What as at stake here has a lot to do with the individual crimes of three cops, and it’s good to know that the police department is taking that very seriously. But while excoriating these three cops for their personal wickedness, this kind of approach also marginalizes and dismisses any attempt at a serious discussion of the institutional context that made these crimes possible — the fact that each of these three men worked out of the same office on the same shift, the way that policing is organized, the internal culture of their own office and of the police department as a whole, and the way that the so-called criminal justice system gives cops immense power over, and minimal accountability towards, the people that they are professedly trying to protect. It strains belief to claim that when a rape gang is being run out of one shift at a single police station, there’s not something deeply and systematically wrong with that station. If it weren’t for the routine power of well-armed cops in uniform, it would have been much harder for Victor Gonzales, Anthony Munoz, or Raymond Ramos to force their victims into their custody or to credibly threaten them in order to extort sex. If it weren’t for the regime of State violence that late-night patrol officers exercise, as part and parcel of their legal duties, against women in prostitution, it would have been that much harder for Gonzales and Munoz to imagine that they could use their patrol as an opportunity to stalk young women, or to then try to make their victim complicit in the rape by forcing her to pretend that the rape was in fact consensual sex for money. And if it weren’t for the way in which they can all too often rely on buddies in the precinct or elsewhere in the force to back them up, no matter how egregiously violent they may be, it would have been much harder for any of them to believe that they were entitled to, or could get away with, sexually torturing women while on patrol, while in full uniform, using their coercive power as cops.

A serious effort to respond to these crimes doesn’t just require individual blame or personal accountability — although it certainly does require that. It also requires a demand for fundamental institutional and legal reform. If police serve a valuable social function, then they can serve it without paramilitary forms of organization, without special legal privileges to order peaceful people around and force innocent people into custody, and without government entitlements to use all kinds of violence without any accountability to their victims. What we have now is not civil policing, but rather a bunch of heavily armed, violently macho, institutionally privileged gangsters in blue.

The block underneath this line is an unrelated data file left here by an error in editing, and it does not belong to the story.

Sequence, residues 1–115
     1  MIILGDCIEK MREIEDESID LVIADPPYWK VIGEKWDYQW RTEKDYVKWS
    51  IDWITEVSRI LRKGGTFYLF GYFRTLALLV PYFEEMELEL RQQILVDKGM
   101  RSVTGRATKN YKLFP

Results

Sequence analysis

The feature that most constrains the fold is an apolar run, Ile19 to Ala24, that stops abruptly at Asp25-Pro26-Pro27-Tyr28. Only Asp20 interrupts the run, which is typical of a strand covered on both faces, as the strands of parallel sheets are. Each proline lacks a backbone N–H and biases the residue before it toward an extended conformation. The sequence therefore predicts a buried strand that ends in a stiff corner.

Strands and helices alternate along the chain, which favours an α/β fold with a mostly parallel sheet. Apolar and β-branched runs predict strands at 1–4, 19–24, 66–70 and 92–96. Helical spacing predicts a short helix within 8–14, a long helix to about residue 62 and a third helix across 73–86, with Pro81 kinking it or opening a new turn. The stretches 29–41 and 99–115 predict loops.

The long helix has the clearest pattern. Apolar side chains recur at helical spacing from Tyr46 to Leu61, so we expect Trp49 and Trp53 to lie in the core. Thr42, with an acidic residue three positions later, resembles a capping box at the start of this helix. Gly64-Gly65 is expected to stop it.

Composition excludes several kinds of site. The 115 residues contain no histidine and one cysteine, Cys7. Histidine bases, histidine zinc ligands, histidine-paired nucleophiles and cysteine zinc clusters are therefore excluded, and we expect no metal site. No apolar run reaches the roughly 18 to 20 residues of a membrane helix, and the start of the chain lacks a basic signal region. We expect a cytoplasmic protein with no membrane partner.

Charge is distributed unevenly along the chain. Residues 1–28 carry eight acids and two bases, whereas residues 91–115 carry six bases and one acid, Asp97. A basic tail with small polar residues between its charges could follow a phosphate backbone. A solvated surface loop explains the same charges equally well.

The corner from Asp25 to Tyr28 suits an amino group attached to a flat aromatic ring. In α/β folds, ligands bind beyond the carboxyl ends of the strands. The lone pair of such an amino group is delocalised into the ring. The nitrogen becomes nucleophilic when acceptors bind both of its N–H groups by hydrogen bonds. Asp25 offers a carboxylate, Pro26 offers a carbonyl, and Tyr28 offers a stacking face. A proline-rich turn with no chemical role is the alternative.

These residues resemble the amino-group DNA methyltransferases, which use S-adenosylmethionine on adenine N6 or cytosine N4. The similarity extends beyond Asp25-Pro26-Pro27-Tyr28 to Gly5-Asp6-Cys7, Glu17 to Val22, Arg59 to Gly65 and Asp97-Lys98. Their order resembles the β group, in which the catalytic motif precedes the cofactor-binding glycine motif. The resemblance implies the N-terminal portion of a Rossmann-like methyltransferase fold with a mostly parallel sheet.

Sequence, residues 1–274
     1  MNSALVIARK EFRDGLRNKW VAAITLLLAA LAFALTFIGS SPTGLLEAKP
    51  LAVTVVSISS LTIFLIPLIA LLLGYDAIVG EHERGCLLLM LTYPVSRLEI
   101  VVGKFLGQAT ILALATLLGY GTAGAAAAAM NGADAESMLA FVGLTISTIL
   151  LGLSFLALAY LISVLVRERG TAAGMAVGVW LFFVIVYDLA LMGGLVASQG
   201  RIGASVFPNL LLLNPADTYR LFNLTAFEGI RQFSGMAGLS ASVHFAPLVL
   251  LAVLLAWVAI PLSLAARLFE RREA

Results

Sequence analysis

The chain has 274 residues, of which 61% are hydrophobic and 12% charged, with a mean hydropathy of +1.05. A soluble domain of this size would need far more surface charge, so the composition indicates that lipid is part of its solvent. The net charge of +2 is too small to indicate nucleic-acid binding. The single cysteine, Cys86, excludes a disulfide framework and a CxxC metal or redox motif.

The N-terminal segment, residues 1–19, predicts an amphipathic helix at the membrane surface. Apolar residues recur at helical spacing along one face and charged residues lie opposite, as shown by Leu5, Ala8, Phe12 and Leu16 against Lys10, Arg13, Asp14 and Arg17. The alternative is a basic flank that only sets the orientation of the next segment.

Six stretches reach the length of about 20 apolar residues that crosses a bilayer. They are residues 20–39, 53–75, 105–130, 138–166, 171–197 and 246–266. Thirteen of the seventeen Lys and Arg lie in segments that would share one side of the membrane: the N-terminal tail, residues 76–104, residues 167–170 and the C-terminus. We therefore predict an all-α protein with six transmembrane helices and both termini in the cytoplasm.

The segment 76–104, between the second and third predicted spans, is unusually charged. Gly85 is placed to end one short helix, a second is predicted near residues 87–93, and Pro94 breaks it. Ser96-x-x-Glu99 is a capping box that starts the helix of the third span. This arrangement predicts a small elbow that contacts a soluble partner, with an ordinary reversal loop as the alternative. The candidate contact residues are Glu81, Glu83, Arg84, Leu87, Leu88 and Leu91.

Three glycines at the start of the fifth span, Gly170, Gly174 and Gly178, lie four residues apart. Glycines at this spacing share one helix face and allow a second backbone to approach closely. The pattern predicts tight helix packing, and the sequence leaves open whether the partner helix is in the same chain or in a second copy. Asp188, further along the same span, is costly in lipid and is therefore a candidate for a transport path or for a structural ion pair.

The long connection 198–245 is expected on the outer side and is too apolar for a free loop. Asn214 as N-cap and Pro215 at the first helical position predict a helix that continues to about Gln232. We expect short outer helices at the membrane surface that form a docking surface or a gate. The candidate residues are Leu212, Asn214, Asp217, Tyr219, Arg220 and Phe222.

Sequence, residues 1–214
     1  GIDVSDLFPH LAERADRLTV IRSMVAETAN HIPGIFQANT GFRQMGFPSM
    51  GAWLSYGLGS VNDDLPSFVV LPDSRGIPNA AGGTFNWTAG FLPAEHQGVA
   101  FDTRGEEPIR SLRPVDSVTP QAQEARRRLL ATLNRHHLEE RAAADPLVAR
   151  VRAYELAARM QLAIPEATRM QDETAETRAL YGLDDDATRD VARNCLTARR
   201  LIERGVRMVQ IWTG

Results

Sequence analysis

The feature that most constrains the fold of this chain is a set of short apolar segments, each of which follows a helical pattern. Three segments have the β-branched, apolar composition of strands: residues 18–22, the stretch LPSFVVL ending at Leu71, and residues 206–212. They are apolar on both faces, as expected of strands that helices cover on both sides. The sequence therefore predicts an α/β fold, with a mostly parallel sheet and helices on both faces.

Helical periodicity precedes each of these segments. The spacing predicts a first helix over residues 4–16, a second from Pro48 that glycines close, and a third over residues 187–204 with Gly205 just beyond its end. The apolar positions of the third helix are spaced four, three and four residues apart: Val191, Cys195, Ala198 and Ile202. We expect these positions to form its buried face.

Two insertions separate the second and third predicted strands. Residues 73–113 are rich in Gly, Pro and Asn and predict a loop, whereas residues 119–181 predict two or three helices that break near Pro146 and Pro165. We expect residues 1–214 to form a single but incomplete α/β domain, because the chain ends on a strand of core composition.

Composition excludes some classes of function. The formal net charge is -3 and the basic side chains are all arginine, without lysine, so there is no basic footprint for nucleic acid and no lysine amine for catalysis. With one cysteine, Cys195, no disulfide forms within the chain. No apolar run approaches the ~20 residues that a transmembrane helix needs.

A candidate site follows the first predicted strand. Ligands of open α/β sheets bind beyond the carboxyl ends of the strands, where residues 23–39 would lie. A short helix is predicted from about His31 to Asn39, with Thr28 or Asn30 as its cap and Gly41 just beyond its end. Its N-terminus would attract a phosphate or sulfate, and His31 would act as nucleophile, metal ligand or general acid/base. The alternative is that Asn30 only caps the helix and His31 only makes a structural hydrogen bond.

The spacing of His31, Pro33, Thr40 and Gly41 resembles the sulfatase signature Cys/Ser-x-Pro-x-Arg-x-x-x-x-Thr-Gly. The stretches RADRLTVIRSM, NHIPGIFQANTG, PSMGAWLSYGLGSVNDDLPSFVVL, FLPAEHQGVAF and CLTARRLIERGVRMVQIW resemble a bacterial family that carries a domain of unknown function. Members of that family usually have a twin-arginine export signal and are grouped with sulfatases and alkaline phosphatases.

— GT 2007-12-21: Rapists on patrol

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Occupying forces, or: No, seriously, I could swear the water in this pot is getting a little hotter… (#8)

Death by Homeland Security #3: The Disappeared

From Nina Bernstein and Margot Williams, The New York Times (2009-04-02): Immigrant Detainee Dies, and a Life Is Buried, Too:

The hand-scrawled letter from a New Jersey jail was urgent. An immigration detainee had died that day, Sept. 9, 2005, a fellow inmate wrote in broken English, describing chest pains and pleas for medical attention that went unheeded until too late.

Death … need to be investigated, he urged a local group that corresponded with foreigners held for deportation at the jail, the Monmouth County Correctional Institute in Freehold. We care very much because that can happen to anyone of us.

Yet like a message in a bottle tossed from a distant shore, even the fact of the detainee’s death was soon swept away.

Inquiries by the local group were rebuffed by jail officials. Complaints forwarded to the Department of Homeland Security were logged, then forgotten. And when pressure from Congress and the news media compelled Immigration and Customs Enforcement to produce the first list of people who had died in their custody, the Freehold case was not on it.